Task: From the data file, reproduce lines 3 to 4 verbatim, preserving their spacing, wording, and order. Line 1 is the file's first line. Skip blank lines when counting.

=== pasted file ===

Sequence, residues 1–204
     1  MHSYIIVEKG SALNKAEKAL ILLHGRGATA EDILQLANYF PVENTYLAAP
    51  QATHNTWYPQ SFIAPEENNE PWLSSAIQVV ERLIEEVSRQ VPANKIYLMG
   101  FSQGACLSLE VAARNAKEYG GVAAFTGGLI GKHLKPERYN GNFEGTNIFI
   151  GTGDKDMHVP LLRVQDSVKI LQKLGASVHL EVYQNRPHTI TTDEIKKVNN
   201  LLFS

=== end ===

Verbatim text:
    51  QATHNTWYPQ SFIAPEENNE PWLSSAIQVV ERLIEEVSRQ VPANKIYLMG
   101  FSQGACLSLE VAARNAKEYG GVAAFTGGLI GKHLKPERYN GNFEGTNIFI